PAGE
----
(We here at All Fired Up in the Big Smoke have been friends with Ward 1 Etobicoke North’s city council candidate, Idil Burale, for a few years now. In fact, we’ve put in some time working on her campaign. So, there’s some question of objectivity when it comes to writing up her profile. Luckily, Ms. Burale has more than her share of fans excited about her candidacy. One, Samuel Getachew, a Toronto based community journalist and political activist, busily preparing his Canadian Perspective site, wrote an article about her a while back and was generous to let us share it with us.)
* * *
Unlocking City Hall’s potential: a new voice for Etobicoke North
In a room full of distinguished citizens – Former Prime Minister John Turner, Conservative strategist Jamie Watt, former Mayoral candidate Karen Stintz – at Royal York Hotel last year, the only person I wanted to have a conversation was with Idil Bruale.
The only subject I wanted to discuss with her was about her potential candidacy for municipal office in 2014. I had heard a rumour she might be a candidate and I was excited. However, she told me she would not be a candidate and I was disappointed.
How could I not be?
Burale is an eloquent, smart and ambitious young person that would bring much substance and initiative to our local government. I have enjoyed her thoughtful insights over the years on outlets such as TVO’s The Agenda and CBC radio and she is exactly the kind of person one should encourage to be active in electoral politics.
In the tradition that mere months in politics is a life time, the 28-year-old has recently announced that she would indeed be a candidate in 2014. She is running in Etobicoke North’s Ward 1 against Councillor Vincent Crisanti, a loyalist and mouth piece to Mayor Rob Ford. I am glad she is running and is giving her neighbours a better destination to support.
Beyond her youthful lofty ideal and objectives in social justice issues, Burale knows the potential and limitation of governments as she has been mentored and employed by noted area politicians such as MPP’S Mike Colle and Glen Murray. She understands retail politics as much as the responsibilities of governments.
What makes the young dynamo even more attractive is her civic participation.
For instance, she has made a great impression with the Rexdale Priority Neighbourhood Youth Solutions Group, organizing an event called Youth Solutions, in search of practical solutions to discuss important policy issues that affect youth disproportionally such as unemployment, policing, and a culture of low expectations at schools. For her, as she reflected with Inside Toronto, “the youth wants to be able to contribute to help find solutions for the neighborhood from everything such as employment to safety.”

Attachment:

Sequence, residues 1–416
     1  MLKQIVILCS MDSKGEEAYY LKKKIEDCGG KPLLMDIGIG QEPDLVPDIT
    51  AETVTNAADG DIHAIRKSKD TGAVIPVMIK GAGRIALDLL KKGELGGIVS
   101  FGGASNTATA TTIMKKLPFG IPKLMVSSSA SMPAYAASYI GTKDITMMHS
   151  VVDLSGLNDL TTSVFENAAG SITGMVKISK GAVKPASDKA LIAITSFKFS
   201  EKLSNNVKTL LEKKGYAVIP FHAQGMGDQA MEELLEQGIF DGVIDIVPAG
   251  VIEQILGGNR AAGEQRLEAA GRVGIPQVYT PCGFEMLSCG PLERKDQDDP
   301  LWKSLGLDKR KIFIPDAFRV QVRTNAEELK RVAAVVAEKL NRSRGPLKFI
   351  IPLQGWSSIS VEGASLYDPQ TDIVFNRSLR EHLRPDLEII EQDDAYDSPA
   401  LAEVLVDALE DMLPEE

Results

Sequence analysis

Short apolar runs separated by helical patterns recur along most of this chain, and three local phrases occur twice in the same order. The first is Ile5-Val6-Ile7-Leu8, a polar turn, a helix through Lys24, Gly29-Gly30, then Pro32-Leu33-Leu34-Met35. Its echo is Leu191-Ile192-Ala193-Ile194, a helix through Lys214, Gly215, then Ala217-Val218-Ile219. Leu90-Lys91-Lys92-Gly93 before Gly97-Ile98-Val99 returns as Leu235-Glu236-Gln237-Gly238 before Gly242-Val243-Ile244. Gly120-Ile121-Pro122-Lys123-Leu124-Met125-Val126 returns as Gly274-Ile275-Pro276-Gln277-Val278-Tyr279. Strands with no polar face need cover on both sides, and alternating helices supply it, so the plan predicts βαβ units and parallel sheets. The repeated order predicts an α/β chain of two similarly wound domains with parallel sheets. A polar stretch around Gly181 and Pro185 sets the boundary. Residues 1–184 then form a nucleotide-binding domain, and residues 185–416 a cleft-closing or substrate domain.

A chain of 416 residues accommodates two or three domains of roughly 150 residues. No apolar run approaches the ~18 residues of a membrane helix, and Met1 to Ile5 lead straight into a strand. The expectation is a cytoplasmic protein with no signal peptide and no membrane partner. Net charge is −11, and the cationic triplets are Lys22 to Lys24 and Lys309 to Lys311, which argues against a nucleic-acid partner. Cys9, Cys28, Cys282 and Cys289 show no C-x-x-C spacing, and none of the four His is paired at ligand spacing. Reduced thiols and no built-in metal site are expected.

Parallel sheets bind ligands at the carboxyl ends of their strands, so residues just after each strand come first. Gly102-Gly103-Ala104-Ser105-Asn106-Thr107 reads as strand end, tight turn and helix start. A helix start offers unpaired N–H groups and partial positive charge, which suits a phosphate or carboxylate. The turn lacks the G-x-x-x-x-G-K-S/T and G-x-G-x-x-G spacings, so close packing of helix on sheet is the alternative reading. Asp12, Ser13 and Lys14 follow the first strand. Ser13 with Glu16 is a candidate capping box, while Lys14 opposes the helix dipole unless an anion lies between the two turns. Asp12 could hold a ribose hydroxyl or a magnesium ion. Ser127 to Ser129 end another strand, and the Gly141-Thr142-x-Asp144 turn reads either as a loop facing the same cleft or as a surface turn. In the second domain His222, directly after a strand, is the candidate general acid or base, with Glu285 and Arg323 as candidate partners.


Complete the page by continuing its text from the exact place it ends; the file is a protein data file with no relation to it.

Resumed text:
She is also a member of Toronto District School Board’s task force for the success of Somali Canadian students in addressing a depressingly high level of drop outs. At the Toronto Police Service Board, she was a member of Community Safety Task Force that just concluded its work and produced an important policy report.
At the Toronto Police Service Board, she is a member of a task force on community safety and she also sits on an external advisory committee comprised of community members who are to assist in implementation of 31 recommendations. She also served with PACER, an internal Toronto Police Services initiative, of which she is accepted a three year membership of the external advisory committee helping the force in the implementation of 31 recommendations.
She is a founding member of Positive Change TO, Women in Toronto Politics, Academy of the Impossible and the Policing Literacy Initiative – an idea of the inspiring Jamil Jivani, a recent Yale Law School graduate. According to Jivani, an inspiring and engaged citizen himself, it’s to being “20 young leaders bringing new ideas and diverse perspectives to improve police services and community safety in Toronto and abroad”.
The ever busy Burale is currently pursuing an innovation leadership fellowship at MaRS Discovery District on systems change called Studio Y.
She was honoured by Samara in its 2013 Everyday Political Citizen (previously called Canada25) contest as its runner up candidate. Her nominator, University of Toronto’s Rima Berns-McGown, described her as “thoughtful, wise, diplomatic, perspicacious, funny, passionate; a community leader who understands the issues and who never puts her own interests before those of the people she serves; someone who cares about Toronto as a city and Canada as a country; and someone who is self-effacing and kind”.
She added – “If every political leader were like Idil, what an amazing city, province, and country this would be. I nominate her for Etobicoke North. I would vote for her anywhere”.
Indeed. Add me to the long list of admirers of such a special citizen in Idil Bruale.
— submitted by Samuel Getachew